In the natural world it is often hard to survive alone, so one species often relies on another in order to thrive. This is known as mutualism.
Mutualism is a relationship between different species, where both parties benefit.
For example, the honeysuckle requires help with pollination.
By emitting a special scent, it attracts the hummingbird hawk moth, which is rewarded with nectar from the honeysuckle's flower.
While drinking nectar, the moth makes contact with stamens, which brush it with pollen.
Once exhausted of pollen, the stamens shrivel. Now as the moth drinks nectar, it brushes pollen from another flower onto the stigma.
So the moth enjoys a meal and the honeysuckle is pollinated.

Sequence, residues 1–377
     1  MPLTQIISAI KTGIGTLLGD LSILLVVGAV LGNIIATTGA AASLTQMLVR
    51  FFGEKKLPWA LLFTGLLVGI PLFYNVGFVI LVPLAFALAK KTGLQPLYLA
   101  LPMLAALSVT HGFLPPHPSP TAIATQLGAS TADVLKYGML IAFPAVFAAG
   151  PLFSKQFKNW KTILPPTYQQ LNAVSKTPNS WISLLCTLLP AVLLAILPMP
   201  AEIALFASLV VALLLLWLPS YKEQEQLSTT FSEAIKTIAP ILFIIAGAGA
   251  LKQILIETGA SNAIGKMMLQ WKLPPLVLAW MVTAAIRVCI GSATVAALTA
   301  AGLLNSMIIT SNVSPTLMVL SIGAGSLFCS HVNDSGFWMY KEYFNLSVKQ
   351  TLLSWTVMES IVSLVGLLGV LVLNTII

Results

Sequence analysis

Other plants use mutualism to help with seed dispersal.
In southern Nepal, trewia trees drop their fruit on the forest floor, where little light can reach them. However, they need light to grow.
Enter the Indian rhinoceros. During the hottest part of the day, these rhinos feed in the shady forest, eating trewia fruit as they go.
When the temperature cools they move to open grassland where, in their dung, they deposit the indigestible trewia seeds on the ground.
This means the seed is dispersed to a sunny spot along with a supply of fertiliser. And in return, the rhino has had a meal.
Mutualism is also handy when it comes to defence.
In Africa, the acacia tree defends itself with spines, but despite this, some animals are determined to eat it.
So the acacia employs ants as bodyguards, providing them with homes and food.
In return, when a herbivore shakes the branches of the tree, the ants hurry toward it, attacking its tongue and lips, thus defending their home and protecting the acacia.
Mutualistic relationships between plants and animals aid reproduction and survival, proving it pays to work together in the wild.